In a 1995 political profile of Mikhail Gorbachev, the late Dmitry Volkogonov said: “One of the historical, giant achievements of perestroika was, naturally, the removal in effect of the threat of world nuclear war. This achievement has not yet been fully appreciated.”1 Four years later, former Foreign Minister of the Soviet Union Eduard Shevardnadze told me in an interview: “I recall [when, in the 1980s] the leading scholars and scientists believed that if humanity does not resolve its problems, there could be nuclear disaster. We understood that nuclear disarmament was mandatory, and that we could put an end to the danger only through political methods.”
For Gorbachev and the new cohort of Soviet leaders that came to power with him in 1985, the threat of nuclear disaster was indeed an important stimulus for disarmament. Moreover, the worldwide antinuclear movement influenced the Gorbachev leadership, as it influenced the Reagan administration (see Lawrence Wittner’s contribution to the forum). But the motives for nuclear disarmament were by no means confined to such external factors. Equally, if not more, important in explaining the extraordinary developments at the end of the Cold War was the reformist agenda, “new thinking,” and personality of Mikhail Gorbachev.
Josef Stalin, Nikita Khrushchev, and Leonid Brezhnev were each obsessed with strategic nuclear armaments. They were generous patrons of the military-industrial complex, and understood the nuts-and-bolts of the Soviet military power. In contrast, Gorbachev came into contact with nuclear issues late in his life, after he became a full Politburo member and only five years before he became the General Secretary of the CPSU in March 1985. As a party secretary from an agricultural region, Gorbachev had no occasion to deal with those issues. After Yuri Andropov became the General Secretary in November 1982, he added Gorbachev to the inner circle of the Politburo, which discussed the matters of special state importance. Still, the nuts-and-bolts of nuclear issues remained the exclusive purview of the General Secretary and of Minister of Defense Dmitry Ustinov, a powerful master of the Soviet military-industrial complex. But Ustinov died in December 1984. Four months later Gorbachev became General Secretary of the Central Committee of the CPSU and inherited all the responsibilities of the supreme commander and the possessor of “nuclear button.”
In an interview with Russian scientist Yuri Smirnov in August 1994 Gorbachev said that when he received “the button,” he did not experience any drama: “Perhaps there was emotional side to it…. But it was rectified by my knowledge of the might that had been accumulated. One-thousandth of this might was enough to destroy all living things on earth. And I knew the report on ‘nuclear winter.’” But he did eventually experience something like a moral revulsion when he realized his personal responsibility for the accumulation and possible use of nuclear weapons. “I recall my new colleagues—reformers in the Politburo, whom I commissioned as the General Secretary [to deal with nuclear issues] and who began to receive those documents—coming and sharing their impressions with me,” he said. “They seemed to have known everything—figures that were bandied about, the conclusions of the scientists. But when you personally have to sign this kind of documents, this is quite a different matter. And some of them came to me in a state of shock.”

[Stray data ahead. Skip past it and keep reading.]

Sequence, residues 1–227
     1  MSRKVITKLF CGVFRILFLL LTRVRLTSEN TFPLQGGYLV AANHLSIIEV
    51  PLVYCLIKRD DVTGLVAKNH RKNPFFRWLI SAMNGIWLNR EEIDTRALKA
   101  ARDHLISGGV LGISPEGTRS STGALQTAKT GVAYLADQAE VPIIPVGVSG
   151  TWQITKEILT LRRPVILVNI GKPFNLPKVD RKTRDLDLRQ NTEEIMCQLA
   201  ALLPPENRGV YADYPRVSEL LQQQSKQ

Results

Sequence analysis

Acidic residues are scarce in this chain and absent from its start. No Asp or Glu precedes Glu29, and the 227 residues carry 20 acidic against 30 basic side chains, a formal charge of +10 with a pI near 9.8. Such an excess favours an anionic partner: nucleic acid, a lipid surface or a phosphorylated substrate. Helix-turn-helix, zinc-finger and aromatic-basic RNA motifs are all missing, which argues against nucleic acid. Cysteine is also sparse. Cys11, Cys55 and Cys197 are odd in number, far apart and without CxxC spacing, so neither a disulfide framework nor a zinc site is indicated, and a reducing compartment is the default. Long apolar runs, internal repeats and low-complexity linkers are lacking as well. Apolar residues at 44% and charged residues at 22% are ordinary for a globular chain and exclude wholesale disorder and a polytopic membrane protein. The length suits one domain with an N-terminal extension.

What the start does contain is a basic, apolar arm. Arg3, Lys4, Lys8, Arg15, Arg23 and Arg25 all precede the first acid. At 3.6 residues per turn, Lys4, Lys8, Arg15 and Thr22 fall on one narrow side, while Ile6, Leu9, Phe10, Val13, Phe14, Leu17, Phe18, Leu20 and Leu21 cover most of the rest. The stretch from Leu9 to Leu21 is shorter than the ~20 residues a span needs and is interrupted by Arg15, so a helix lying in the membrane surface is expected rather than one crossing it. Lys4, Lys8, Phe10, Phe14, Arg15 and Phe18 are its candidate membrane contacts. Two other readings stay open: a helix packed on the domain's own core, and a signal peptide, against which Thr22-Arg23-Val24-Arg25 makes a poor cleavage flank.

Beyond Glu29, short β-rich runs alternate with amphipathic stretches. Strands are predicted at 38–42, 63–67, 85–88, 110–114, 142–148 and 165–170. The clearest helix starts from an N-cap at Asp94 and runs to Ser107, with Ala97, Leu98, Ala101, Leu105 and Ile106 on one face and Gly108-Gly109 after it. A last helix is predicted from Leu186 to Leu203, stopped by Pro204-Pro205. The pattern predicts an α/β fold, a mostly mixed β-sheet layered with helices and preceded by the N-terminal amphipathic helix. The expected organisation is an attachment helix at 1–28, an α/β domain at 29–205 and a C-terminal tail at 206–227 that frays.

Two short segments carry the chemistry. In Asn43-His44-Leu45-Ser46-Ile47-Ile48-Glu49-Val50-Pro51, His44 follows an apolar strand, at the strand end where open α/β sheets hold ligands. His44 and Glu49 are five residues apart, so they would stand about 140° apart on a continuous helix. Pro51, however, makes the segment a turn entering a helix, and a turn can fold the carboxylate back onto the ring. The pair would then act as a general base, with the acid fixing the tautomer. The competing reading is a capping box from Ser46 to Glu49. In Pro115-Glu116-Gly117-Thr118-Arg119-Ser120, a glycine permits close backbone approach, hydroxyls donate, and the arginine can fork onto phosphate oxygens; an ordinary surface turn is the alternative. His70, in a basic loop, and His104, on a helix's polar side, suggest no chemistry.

Perhaps as a result of this inner moral repugnance, Gorbachev felt no motivation to learn more than he “needed” about the Soviet nuclear arsenal, the strategic arms race, and issues of strategic stability. One minister recalls a meeting with Gorbachev in 1987 to discuss the Soviet response to Ronald Reagan’s “Strategic Defense Initiative” (SDI). He maintains that Gorbachev was not interested in nuts and bolts of missile technology. At some point, Gorbachev asked if Reagan had a point in asking if strategic missiles could really be turned back after launch. In another, even more spectacular episode, Gorbachev participated in a simulation of a Soviet response to a nuclear attack. He explained:”From the central control panel came the signal: missiles are flying towards our country, make a decision. Minute after minute passes, information pours in. I have to give the command for a strike of retaliation…. I said: ‘I will not press the button even for training purposes.’”2
Different methods can be used to minimize “discomfort” about nuclear weapons and remove doubts about their usability. In the United States, the “nuclear culture” developed by a group of “nuclear priests”—the wizards of Armageddon—played a large role. They managed to create an aura of rationality around nuclear weapons and achieved a compromise with morality by arguing that nuclear weapons were the best guardian of peace. Some elements of this “nuclear ideology” were shared by the Soviet leadership and the military elite. But it was not deeply rooted in the Soviet political and military establishment, most of whose members had never fully grasped the intricacies of nuclear deterrence. The real backbone of Soviet leaders’ attitude to nuclear issues was their experience of the early phases of the Nazi invasion of the Soviet Union. This experience fed their determination never again to be caught unprepared or with an inferior military arsenal. They saw the Soviet nuclear program as the heroic achievement of Soviet science, industries, and people, and held the firm conviction that nuclear parity with the United States should be maintained at any cost. Moreover, any notion of “immoral equivalence” between Soviet and American nuclear arsenals was angrily repudiated and cognitively suppressed. Beginning in the early 1980s, the pre-Gorbachev leadership repeatedly proclaimed that victory in nuclear war was impossible. But it continued to build Soviet strategic nuclear forces with an implicit aim of matching and, if possible, surpassing the United States arsenal.